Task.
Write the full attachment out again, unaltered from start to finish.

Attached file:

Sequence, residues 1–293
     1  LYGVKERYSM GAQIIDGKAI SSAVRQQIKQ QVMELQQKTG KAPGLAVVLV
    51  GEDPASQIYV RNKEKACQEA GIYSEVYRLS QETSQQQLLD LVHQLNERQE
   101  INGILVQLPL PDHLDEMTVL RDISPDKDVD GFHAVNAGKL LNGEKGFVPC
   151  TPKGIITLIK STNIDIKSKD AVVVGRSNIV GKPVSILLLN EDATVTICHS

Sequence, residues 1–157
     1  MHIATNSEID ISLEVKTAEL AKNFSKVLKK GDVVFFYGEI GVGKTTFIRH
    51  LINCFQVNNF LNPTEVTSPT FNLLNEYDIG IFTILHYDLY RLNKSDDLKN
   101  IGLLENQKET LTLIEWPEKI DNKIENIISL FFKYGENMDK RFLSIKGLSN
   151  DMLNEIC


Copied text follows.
Sequence, residues 1–293
     1  LYGVKERYSM GAQIIDGKAI SSAVRQQIKQ QVMELQQKTG KAPGLAVVLV
    51  GEDPASQIYV RNKEKACQEA GIYSEVYRLS QETSQQQLLD LVHQLNERQE
   101  INGILVQLPL PDHLDEMTVL RDISPDKDVD GFHAVNAGKL LNGEKGFVPC
   151  TPKGIITLIK STNIDIKSKD AVVVGRSNIV GKPVSILLLN EDATVTICHS

Sequence, residues 1–157
     1  MHIATNSEID ISLEVKTAEL AKNFSKVLKK GDVVFFYGEI GVGKTTFIRH
    51  LINCFQVNNF LNPTEVTSPT FNLLNEYDIG IFTILHYDLY RLNKSDDLKN
   101  IGLLENQKET LTLIEWPEKI DNKIENIISL FFKYGENMDK RFLSIKGLSN
   151  DMLNEIC